Buckthorn Tree Identification

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Common buckthorn (Rhamnus cathartica), also known as European waythorn, European buckthorn and Hart's thorn, is a shrub or small tree that grows up to 22 feet in height. It is considered an invasive species in most areas of the United States and southeastern Canada due to its tendency to form dense thickets that crowd out native plants.

Leaves and Branches

Common buckthorn leaves are dark green, glossy and have jagged, finely-toothed margins. Each leaf has three to five pairs of curved veins. The leaf surfaces do not have any hairs. Common buckthorn leaves stay green until the late fall, long after most other deciduous trees have shed their leaves. The leaves and buds are arranged opposite along the branches. Twigs tend to end in a sharp, stout thorn, or "spine." A spine may also be found in the fork between two branches.

Bark and Wood

Common buckthorn bark is grey to brown, with elongate, silvery, prominent, rough-textured projections. It is frequently confused with the bark of plum or cherry trees. When cut, the wood exposes yellow sapwood and pink to orange heartwood. In the winter, the tree is naked except for hairy terminal buds and arched twigs that have leaf scars, which provide a bumpy silhouette.

Flowers and Fruit

Dense clusters of two to six small, yellowish-green, four-petaled flowers form on the stems near the bases of the leaves in the late spring. A common buckthorn tree will bear either male or female flowers. Female plants are recognisable by their fruit. They bear clusters of deep, purplish-black berries. The fruits are 1/4 inch in diameter, and ripen in August and September. Each berry contains four seeds.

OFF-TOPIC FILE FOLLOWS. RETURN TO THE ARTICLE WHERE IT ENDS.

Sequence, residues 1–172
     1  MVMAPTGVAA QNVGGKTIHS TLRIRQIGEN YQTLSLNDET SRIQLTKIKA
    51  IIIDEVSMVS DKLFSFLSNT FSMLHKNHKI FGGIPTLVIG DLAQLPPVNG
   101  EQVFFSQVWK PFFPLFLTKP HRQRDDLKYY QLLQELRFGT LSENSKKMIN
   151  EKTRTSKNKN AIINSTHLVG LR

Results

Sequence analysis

Similar Species

A similar invasive species, glossy buckthorn (Rhamnus frangula), looks much like common buckthorn, with some differences: no spine at the tip of its twigs, leaves that have smooth margins rather than toothed and leaf undersides that are hairy. Common buckthorns and glossy buckthorns are often confused with native American buckthorns, including Carolina buckthorn (Rhanmnus caroliniana), alder buckthorn (Rhamnus alnifolia) and lance-leafed buckthorn (Rhamnus lanceolata). These native species are not threatening to the environment.

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